In the afternoon we continued on north to the town of Deshaies, motoring as there was not enough breeze intially and then it was on the nose with quite a chop wrapping around the top of the island. The bay is pretty crowded but we manage to find a spot. Boats are swinging all directions and a number of them get too close to each other and have to move. It all seems very amicable though. We end up with a big steel boat near us but put out plenty of fenders.
We woke the next morning to see the deck covered in tiny dead insects and took some time to clean them off. We took a walk up hill to the local Jardin Botanique. Great views over the anchorage and the garden was nice enough, but the highlight by far was the flock of rather orange looking flamingos!!! As we have never managed to see any in the wild, this was indeed a bonus. It’s our last day in Guadeloupe on our trip north so we treated ourselves to lunch at Chez Lelette down on the beach in Deshaies. Lovely food and a great atmosphere. It’s time to check out of Guadeloupe, and we do this at The Pelican, a small souvenir shop, where we ran in to Matts and Helena from Ella of Stockholm. They are also leaving tomorrow to Antiqua so they come over to ITIKI for drinks, happily brandishing their negative Covid test results! These are needed to check in to Antigua. I am in the shower and just as they arrive and Keith is taking their dinghy line the shower malfunctions – Great timing!
We returned to Deshaies two months later on our way south, arriving in the morning after a 2-day, 220nm windward sail from the BVIs. Thats a story for another blog... After 2 days of bouncing around on our windward crossing, the remote control on the windlass has packed it in so we had to work from the helm station. This means Keith has multi-task and steer the boat and lower the anchor chain at the same time. It was then time for a long overdue kip, but as there was very little breeze in the bay we ended up swinging in the opposite directions to a nearby boat, and got a little too close for comfort. Anchorage etiquette dictates that the more recent arrival (ITIKI in this case) has to move so Keith’s nap was short-lived. The water was clear enough to see the anchor chain which had cleverly wrapped itself around a rock while we had been turning in circles so with Keith again working the controls from the helm and me directing from the foredeck we had some interesting manoeuvring to do to get it free. We anchored further out but then the wind picked up considerably so we reset the anchor putting out some more scope. Spent the rest of the day chilling out and cleaning the boat, which of course was covered in salt from our crossing. Fortunately we had a few heavy rain showers over the next few days to give us a really good rinse. We also get some really strong gusts through the anchorage, up to 30kts at times! The anchor is holding well though and we are quite comfortable with our new bridle snubbers that went on in St Martin – that’s also a story for another time...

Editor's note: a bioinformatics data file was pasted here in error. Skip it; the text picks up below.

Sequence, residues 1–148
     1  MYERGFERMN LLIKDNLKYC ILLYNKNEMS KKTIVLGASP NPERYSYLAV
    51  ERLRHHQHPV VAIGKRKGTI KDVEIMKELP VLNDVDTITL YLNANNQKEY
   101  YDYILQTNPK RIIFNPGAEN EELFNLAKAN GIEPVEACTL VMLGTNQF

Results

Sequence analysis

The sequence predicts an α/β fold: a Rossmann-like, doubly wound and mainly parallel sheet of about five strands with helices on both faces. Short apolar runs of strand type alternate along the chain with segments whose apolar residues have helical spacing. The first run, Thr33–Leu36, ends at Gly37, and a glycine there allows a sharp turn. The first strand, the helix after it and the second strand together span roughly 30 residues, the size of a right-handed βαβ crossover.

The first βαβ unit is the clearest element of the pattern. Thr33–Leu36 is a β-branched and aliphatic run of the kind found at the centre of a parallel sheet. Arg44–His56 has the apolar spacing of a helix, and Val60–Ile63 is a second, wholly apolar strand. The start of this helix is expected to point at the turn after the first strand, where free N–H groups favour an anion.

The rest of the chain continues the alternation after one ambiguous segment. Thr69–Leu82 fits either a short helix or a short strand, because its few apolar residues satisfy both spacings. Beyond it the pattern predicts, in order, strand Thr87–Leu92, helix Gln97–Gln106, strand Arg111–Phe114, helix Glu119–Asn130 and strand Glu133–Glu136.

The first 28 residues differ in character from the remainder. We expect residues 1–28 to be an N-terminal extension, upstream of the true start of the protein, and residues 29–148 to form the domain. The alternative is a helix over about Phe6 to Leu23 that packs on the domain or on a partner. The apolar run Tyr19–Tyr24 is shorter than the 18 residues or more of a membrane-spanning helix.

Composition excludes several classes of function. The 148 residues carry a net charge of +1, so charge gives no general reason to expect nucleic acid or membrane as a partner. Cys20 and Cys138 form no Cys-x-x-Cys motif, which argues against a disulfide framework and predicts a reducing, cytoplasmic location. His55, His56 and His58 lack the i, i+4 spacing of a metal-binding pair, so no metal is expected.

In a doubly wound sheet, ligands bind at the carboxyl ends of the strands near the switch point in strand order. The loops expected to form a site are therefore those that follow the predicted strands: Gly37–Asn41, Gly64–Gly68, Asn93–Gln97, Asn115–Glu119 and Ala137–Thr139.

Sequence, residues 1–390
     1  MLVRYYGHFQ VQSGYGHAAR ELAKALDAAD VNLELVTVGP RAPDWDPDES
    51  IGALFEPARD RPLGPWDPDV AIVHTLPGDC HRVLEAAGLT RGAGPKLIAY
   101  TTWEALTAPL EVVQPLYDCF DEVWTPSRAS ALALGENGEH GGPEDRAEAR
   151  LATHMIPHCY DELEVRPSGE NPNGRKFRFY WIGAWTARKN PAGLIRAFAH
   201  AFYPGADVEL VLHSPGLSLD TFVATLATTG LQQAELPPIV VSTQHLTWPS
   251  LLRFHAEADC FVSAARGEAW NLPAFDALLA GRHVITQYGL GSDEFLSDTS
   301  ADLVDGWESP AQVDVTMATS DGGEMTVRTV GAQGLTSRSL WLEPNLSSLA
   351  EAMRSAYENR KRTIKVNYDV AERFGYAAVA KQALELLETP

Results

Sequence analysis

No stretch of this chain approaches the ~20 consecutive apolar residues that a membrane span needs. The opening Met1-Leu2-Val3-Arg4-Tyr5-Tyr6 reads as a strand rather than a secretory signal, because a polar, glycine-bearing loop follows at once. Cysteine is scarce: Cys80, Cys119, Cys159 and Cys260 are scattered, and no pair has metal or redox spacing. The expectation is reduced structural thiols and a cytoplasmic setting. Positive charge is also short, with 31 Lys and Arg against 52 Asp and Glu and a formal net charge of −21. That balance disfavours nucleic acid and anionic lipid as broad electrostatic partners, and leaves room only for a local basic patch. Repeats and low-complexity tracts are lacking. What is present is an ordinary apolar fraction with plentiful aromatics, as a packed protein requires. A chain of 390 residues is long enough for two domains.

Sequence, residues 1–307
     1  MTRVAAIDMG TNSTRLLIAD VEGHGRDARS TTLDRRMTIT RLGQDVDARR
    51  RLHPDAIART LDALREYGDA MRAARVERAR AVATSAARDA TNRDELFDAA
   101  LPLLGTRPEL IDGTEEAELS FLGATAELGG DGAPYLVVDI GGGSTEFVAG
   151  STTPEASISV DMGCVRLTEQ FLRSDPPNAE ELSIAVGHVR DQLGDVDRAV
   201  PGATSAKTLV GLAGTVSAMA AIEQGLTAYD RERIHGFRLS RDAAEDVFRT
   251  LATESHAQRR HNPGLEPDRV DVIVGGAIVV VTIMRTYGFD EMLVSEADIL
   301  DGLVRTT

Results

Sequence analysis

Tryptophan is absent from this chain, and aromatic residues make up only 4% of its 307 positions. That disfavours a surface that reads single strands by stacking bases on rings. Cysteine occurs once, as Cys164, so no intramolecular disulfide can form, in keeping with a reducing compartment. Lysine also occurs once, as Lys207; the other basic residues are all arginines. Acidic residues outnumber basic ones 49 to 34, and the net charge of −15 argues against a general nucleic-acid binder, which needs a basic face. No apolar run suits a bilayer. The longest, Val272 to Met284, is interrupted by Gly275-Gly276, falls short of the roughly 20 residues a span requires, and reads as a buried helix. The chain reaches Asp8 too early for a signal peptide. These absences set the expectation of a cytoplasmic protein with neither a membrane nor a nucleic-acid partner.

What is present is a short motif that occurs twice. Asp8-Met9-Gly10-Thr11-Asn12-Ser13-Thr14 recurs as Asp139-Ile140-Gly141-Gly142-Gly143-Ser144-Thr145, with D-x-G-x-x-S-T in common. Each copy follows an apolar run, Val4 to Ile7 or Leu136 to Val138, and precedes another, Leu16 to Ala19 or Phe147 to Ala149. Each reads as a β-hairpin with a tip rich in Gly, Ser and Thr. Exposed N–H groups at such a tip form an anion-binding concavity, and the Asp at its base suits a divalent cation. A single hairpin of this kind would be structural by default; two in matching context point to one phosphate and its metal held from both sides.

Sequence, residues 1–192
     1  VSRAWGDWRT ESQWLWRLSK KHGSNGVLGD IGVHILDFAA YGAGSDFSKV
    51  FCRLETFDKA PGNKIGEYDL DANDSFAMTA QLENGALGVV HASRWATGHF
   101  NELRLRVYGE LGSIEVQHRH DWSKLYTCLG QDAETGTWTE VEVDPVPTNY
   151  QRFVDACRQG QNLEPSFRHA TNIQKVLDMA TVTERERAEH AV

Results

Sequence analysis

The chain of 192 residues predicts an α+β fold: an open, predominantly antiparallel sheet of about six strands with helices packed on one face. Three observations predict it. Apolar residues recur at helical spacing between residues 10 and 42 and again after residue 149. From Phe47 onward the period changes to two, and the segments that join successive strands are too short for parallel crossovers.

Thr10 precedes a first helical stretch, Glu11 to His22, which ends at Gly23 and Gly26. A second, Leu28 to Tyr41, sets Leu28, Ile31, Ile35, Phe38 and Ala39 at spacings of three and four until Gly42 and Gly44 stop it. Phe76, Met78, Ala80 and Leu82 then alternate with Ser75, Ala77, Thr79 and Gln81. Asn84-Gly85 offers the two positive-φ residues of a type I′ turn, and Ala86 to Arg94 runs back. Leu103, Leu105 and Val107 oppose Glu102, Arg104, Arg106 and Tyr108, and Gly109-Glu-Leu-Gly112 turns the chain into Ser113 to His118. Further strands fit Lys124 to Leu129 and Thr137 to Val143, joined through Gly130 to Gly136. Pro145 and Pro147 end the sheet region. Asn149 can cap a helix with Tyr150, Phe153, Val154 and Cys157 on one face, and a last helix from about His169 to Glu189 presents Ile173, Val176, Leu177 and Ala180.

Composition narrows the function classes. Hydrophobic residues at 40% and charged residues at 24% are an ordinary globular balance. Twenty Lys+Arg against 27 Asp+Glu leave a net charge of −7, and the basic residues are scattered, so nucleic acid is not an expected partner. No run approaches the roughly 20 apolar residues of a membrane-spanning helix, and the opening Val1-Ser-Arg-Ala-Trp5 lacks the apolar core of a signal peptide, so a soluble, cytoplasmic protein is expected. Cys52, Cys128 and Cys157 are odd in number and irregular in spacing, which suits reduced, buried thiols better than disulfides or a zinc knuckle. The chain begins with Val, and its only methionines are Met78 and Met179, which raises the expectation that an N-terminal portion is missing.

Deshaies (which is apparently pronounced “de-aye”) is famous as the location for filming the BBC series “Death in Paradise”. We have never seen an episode of this but we learn that it is about to start filing its 12th season and so it is clearly very popular. I quickly google it so that I can take some pictures of what would be familiar scenes to those that enjoy the show. The arrival of the film crew and actors in May brings welcome income and employment just as the tourist season is starting to wane.
We took a hike over to Gros Morne (=big hill) and down to Grand Anse (=big beach) to the north of us. It is supposed to be an easy walk but it’s quite steep and stoney and we are only in sandals. At least it is in shade but that means there is not much of a view along the way. The beach is indeed quite big, a long white stretch of sand in contrast to the black sand beaches in the southern part of the island. We stop for a drink at the rather derelict looking Chez Samy as we are too knackered to walk further. Fortunately we can walk back into Deshaies along the road, which is much shorter and flatter. We pop back to the boat to freshen up and then go in search of lunch ashore, which is a bit of an adventure. Places are full or run out of food! We find a place by the dinghy dock and narrowly avoid ordering black pudding (boudin) which is a local Creole delicacy. Opted for Accras (a kind of spicy donut) and a lovely grilled snapper with too many frites! An afternoon nap was in order and no dinner! The wind has backed off significantly, which is a relief after several days blowing dogs off chains. It’s a much different and more pleasant place now.